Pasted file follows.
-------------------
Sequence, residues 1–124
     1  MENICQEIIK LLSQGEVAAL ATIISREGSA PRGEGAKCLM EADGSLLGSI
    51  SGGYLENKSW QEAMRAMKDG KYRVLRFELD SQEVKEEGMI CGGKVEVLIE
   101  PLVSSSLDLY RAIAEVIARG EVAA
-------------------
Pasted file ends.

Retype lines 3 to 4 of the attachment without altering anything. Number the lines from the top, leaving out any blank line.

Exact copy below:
    51  SGGYLENKSW QEAMRAMKDG KYRVLRFELD SQEVKEEGMI CGGKVEVLIE
   101  PLVSSSLDLY RAIAEVIARG EVAA